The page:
Bitcoin is in a flirtatious state after the first consecutive drop since the beginning of the year, after the company Microsoft published a poor earnings outlook, which worsened investor sentiment in general.
The largest token fell by 2.5% and as of 9:26 am in Singapore on Wednesday traded at a price of about $22,380 after lowering in the US. A number of smaller coins, from Ether to Cardano and Avalanche, were also in the red. Digital assets are one of many investments that jumped in early 2023 on bets that central banks will slow down or even cancel interest rate hikes in the coming months.
However, an optimistic stance is vulnerable toreversals, for example, if the Federal Reserve at its meeting next week abandons dovish expectations in the ongoing fight against inflation. According to Tony Sycamore, a market analyst at IG Australia, the disappointment in Microsoft's forecasts has been reflected in cryptocurrencies, which are still quite strongly correlated with tech stocks.
“With risk assets this year, it was almostthe same as trying to keep the ball underwater,” he said. “The market is now thinking about how much further to push them.” The short-covering surge that likely contributed to Bitcoin's 36% surge this month may also be fading, according to Hayden Hughes, chief executive of social trading platform Alpha Impact. “Prices started to reverse as hedge funds re-entered short positions after the weekend,” he said.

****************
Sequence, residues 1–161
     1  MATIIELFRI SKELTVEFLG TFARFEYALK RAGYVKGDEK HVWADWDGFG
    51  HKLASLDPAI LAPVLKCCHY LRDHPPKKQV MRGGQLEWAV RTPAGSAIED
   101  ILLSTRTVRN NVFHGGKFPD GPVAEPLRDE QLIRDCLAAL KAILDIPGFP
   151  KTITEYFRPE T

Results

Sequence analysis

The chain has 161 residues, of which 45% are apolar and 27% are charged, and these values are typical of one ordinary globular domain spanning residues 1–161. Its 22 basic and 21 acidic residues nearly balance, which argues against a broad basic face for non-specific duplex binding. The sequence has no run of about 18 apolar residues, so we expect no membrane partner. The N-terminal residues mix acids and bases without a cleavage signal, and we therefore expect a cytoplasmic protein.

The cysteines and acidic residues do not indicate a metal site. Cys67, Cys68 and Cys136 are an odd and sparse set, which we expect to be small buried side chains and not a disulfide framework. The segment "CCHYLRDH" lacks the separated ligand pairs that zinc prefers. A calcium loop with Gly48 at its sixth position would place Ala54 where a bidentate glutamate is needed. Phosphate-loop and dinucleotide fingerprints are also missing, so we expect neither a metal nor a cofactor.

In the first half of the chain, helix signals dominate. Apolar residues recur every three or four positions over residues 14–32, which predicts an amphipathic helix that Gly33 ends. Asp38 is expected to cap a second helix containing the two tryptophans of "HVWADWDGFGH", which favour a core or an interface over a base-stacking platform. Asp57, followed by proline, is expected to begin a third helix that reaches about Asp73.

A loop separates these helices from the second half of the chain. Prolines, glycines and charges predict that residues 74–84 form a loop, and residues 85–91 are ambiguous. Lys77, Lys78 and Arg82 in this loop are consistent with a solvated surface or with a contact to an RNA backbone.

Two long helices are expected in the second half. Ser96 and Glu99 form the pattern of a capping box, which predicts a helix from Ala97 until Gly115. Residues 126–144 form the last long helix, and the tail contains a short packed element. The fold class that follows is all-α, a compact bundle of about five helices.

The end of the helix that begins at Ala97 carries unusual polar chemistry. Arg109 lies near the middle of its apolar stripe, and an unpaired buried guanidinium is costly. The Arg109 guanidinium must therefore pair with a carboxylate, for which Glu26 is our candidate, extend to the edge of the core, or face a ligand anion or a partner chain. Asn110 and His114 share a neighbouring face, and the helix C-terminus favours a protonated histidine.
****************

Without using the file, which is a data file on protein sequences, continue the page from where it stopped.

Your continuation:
Kathy Stockton, founder of Fairlead Strategies LLC,The technical analysis firm sees significant resistance for bitcoin around $25,000. The token was last at this level in August. In a note this week, Stockton said she was “neutral in the interim due to the return of overbought conditions” for bitcoin.
Last year, bitcoin and the 100 largest tokensfell in price by more than 60% due to rising borrowing costs and a series of cryptocurrency explosions. According to CoinGecko, the total market value of digital tokens rose by about $250 billion in January. © 2023 Bloomberg